April 16, 2024 — Press Release

BOSTON – Today, the Department of Education released proposed rules that would provide federal student loan debt relief to four categories of borrowers:

  • Borrowers who have had their balances balloon with interest; 
  • Borrowers who have been trapped in student debt for two decades or more; 
  • Borrowers who have missed out on relief that they are eligible for due to administrative red tape, and; 
  • Borrowers who took out debt to attend programs that failed to deliver value and subsequently closed or were kicked out of the federal student aid program.

Under the proposal, millions of borrowers who owe more now than they did when they began repayment would have some or all of the amount that their balance has grown due to interest canceled. Other borrowers, including those who entered repayment more than 20 or 25 years ago and those eligible for existing loan cancellation programs but who have been blocked by red tape, would have their outstanding debts fully canceled. A forthcoming proposal is expected to provide a pathway to relief for borrowers on the basis of financial hardship. A 30-day public comment period will begin tomorrow.

NCLC participated in the negotiated rulemaking process that helped develop these rules, with NCLC representing the interests of legal aid attorneys who work with low-income borrowers.

In response to the proposed rules, Abby Shafroth, co-director of advocacy at the National Consumer Law Center and director of NCLC’s Student Loan Borrower Assistance Project, issued the following statement:

“Decades of mismanagement of the federal student loan program left millions of borrowers with more debt than when they began repayment, saddled students with unaffordable debts for failing schools, and prevented millions more from benefiting from loan cancellation programs that they were eligible for. Other recent policy changes, including the SAVE plan and GE rules, should prevent many of these same harms going forward. But this new proposal is necessary to help make things right for the millions of families already harmed by past failures.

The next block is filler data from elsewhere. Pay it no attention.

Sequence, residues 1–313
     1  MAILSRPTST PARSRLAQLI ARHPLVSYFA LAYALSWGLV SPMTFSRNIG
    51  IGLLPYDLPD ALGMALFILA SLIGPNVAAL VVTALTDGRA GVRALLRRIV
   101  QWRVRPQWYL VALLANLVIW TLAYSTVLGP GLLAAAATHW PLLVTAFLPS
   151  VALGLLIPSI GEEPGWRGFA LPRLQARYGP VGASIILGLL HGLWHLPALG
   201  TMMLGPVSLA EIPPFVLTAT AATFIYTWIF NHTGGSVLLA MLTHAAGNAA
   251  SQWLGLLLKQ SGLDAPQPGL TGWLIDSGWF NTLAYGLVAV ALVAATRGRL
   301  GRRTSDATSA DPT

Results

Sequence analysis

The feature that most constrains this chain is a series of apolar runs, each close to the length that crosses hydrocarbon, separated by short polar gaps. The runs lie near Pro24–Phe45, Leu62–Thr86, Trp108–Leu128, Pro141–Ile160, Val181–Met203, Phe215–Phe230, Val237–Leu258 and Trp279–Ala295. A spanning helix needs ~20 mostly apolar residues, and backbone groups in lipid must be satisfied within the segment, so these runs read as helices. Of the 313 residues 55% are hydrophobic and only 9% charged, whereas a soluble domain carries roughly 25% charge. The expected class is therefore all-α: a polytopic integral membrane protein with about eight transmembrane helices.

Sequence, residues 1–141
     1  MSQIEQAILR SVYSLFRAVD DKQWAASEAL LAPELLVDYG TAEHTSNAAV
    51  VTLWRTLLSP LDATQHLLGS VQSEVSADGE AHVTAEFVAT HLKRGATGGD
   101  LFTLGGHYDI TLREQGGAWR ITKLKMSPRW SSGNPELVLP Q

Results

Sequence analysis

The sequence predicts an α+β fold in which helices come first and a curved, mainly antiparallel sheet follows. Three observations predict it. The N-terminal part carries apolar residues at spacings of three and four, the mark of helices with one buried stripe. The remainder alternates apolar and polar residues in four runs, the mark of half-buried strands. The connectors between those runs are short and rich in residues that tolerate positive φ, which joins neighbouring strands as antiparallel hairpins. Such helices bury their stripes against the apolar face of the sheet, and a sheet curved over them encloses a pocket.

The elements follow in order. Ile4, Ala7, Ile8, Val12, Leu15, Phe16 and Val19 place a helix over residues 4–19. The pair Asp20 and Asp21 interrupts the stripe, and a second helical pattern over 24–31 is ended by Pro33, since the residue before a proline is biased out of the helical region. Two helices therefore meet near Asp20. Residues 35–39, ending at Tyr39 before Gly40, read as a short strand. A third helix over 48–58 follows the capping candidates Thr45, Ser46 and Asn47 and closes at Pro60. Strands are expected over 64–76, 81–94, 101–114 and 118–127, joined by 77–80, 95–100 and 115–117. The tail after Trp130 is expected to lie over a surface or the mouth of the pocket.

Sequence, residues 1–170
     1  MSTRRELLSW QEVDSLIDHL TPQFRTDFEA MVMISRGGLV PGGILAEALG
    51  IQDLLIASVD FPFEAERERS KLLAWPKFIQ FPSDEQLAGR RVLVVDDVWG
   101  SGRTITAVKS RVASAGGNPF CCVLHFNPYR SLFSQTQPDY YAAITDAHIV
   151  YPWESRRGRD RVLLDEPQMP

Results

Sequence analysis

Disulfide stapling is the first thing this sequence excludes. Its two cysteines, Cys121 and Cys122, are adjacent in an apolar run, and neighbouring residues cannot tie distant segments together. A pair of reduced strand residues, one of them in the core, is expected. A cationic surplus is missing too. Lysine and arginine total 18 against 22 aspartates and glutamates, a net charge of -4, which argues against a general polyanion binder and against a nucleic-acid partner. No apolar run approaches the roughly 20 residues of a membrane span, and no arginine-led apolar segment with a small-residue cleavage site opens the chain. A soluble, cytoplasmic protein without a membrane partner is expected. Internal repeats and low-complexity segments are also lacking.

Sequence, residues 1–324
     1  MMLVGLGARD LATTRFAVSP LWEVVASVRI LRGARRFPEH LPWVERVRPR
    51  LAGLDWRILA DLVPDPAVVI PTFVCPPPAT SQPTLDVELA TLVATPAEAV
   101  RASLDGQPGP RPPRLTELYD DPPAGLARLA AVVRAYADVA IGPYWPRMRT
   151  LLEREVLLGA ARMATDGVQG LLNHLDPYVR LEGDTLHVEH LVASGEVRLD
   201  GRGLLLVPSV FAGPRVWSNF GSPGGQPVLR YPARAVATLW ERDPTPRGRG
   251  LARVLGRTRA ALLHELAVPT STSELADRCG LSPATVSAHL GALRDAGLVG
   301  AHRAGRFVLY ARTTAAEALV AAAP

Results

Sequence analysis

“This proposal is especially important to the borrowers who have been the most burdened by the student loan system and its failures. This includes students from low-income families, first-generation college students, students who attended low-value schools, borrowers with less than a 4-year degree, low-income older borrowers, and Black borrowers–who must borrow more to access education and are stuck in debt for longer. We applaud the administration for working to ensure that these long-neglected borrowers are not left behind and can finally have a shot at breaking free from student debt, and we encourage the administration to move swiftly in finalizing and implementing these rules and the forthcoming hardship relief rules.”

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